Participating Viterbi faculty include:

Kelly Sanders (CEE), Hossein Hashemi (EE), Bhaskar Krishnamachari (EE), Nora Ayanian (CS), George Ban-Weiss (CEE), and Felipe De Barros (CEE). Other participating faculty includes Hilda Blanco (Public Policy), Antonio Bento (Public Policy), and Sarah Feakins (Earth Science). The Center will also have several US and international government and educational partnering agencies.

The USC Center for Peptide and Protein Engineering (CPPE)

The CPPE aims to advance research at USC by creating functional peptides and proteins as imaging agents, diagnostics and therapies. The center is led by Prof. Rich Roberts (VSoE, DCLAS) and Prof. Terry Takahashi (DCLAS) and funding and support from VSoE will directly promote bioengineering research, federal grant applications, and fundraising.

Peptides and proteins are the cornerstones of our existing technology in biological recognition, diagnostics and human therapies. While many of these tools are extremely valuable and useful, the challenge is that their construction is often labor intensive, slow, and requires large quantities of target protein.

The center will work to develop both peptide and protein reagents for VSoE and collaborating faculty projects as well as and explore new approaches to speed the production of these reagents. The resulting molecules will provide new tools for systems and synthetic biology, new imaging agents, assist analytical measurements via nanotechnology and nano devices, provide routes for translational medicine and new compositions of matter for patenting and licensing.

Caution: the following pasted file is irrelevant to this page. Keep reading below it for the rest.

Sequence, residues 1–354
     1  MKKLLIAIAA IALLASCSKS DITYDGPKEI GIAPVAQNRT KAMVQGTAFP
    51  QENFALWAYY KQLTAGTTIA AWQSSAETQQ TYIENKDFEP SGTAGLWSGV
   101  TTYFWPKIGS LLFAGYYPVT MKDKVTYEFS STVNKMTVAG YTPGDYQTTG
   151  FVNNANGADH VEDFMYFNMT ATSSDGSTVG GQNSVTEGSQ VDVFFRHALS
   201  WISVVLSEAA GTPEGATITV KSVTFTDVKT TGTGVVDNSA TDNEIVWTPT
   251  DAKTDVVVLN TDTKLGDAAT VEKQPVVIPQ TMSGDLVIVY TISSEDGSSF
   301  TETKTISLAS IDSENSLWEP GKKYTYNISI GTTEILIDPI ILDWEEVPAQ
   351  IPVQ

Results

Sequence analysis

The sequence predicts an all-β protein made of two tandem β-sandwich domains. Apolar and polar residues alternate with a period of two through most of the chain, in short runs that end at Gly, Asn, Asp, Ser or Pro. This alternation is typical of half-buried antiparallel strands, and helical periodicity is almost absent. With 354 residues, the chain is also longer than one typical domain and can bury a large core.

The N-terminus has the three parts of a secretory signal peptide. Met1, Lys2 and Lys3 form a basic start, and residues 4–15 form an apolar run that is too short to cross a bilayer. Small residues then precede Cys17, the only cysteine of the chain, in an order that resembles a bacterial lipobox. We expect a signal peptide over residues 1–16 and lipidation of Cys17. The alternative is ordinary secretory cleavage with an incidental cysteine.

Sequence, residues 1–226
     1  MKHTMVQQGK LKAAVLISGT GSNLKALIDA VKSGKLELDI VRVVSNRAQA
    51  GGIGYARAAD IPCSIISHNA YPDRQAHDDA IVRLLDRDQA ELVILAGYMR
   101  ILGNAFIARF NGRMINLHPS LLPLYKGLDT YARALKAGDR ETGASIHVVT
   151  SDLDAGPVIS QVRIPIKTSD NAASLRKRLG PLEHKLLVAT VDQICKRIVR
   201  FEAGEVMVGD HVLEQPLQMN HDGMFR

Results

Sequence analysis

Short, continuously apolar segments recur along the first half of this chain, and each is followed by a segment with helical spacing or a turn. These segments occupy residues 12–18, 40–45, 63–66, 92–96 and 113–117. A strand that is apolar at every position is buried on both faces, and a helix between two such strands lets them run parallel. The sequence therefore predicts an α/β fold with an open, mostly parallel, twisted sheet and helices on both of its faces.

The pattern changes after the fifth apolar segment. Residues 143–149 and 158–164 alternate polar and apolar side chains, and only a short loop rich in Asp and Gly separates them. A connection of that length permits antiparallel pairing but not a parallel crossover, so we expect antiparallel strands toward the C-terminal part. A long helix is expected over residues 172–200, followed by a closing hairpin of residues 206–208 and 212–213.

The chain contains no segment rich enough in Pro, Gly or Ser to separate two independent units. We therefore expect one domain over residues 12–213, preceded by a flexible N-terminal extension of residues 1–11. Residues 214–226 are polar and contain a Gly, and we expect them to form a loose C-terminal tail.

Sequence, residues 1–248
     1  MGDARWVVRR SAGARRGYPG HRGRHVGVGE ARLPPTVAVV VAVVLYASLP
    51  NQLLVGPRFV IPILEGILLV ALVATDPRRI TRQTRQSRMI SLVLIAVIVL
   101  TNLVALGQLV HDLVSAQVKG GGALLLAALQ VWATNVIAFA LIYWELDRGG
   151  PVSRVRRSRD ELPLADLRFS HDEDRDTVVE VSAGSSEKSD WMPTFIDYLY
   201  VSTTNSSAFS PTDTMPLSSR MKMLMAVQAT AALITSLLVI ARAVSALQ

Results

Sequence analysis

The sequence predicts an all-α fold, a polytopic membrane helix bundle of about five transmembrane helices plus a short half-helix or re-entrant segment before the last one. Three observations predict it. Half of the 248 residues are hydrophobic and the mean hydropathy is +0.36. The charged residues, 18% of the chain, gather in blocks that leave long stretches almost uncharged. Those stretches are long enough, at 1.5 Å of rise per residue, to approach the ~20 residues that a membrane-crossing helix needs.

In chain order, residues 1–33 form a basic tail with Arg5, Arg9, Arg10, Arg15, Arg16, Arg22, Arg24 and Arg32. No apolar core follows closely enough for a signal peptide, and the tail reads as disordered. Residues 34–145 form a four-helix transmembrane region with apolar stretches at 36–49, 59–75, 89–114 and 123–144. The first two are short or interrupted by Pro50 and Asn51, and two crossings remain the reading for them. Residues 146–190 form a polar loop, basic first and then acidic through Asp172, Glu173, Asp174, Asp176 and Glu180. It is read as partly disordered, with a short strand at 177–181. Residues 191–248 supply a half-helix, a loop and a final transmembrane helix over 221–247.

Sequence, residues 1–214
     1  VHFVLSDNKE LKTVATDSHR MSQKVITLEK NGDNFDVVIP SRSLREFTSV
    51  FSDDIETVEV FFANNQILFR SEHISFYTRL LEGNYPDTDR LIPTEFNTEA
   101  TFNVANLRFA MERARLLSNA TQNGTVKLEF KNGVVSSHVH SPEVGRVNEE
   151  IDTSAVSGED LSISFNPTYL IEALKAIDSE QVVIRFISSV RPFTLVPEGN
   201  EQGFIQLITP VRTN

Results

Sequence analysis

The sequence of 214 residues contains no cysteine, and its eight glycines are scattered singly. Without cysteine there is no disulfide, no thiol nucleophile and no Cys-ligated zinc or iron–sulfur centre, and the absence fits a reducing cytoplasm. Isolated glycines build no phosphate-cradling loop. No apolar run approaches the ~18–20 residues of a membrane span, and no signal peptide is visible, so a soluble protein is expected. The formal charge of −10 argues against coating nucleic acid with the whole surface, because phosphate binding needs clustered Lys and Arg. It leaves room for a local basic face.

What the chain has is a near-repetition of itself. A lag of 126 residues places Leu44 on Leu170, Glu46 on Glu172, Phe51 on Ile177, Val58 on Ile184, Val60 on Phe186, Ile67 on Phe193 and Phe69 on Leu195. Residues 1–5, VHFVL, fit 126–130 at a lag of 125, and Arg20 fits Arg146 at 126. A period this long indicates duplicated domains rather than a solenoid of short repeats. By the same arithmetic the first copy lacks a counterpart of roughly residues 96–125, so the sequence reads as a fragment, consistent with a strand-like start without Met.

Participating/collaborating faculty include:

Noah Malmstadt (MFD), Pin Wang (MFD), Andrea Armani (MFD), Nicholas Graham (MFD),Scott Fraser, (MCB, BME), and Ray Stevens (MCB, CHEM, CHE).

The Robotics and Autonomous Systems Center (RASC)

The RASC, led by Gaurav Sukhatme, Nora Ayanian, Maja Mataric and Stefan Schaal, provides collaborative expertise and thought leadership for research in all major areas of robotics and autonomous systems, an area that crosscuts several major related national research priorities, including the Robotics Initiative, Cyber-Physical Systems, Technologies for Medicine and Health and the BRAIN initiative.

RASC facilitates interdisciplinary interactions and collaboration through its robotics faculty and its large team of interdisciplinary affiliates and serves as a lynch pin for strategic research areas at USC.

Principal center activities include concurrent pursuit of external visibility, external cohesion and collaboration, and large-scale external funding. In addition, the center will organize a seminar series, a K-12 outreach program, an industrial outreach program; design joint educational programs; advise departments and the Dean on coordinated faculty hiring and mentor junior faculty.

RASC aims to make these advances possible through sustained research excellence and further thought leadership that will bring significantly more recognition to the Viterbi School.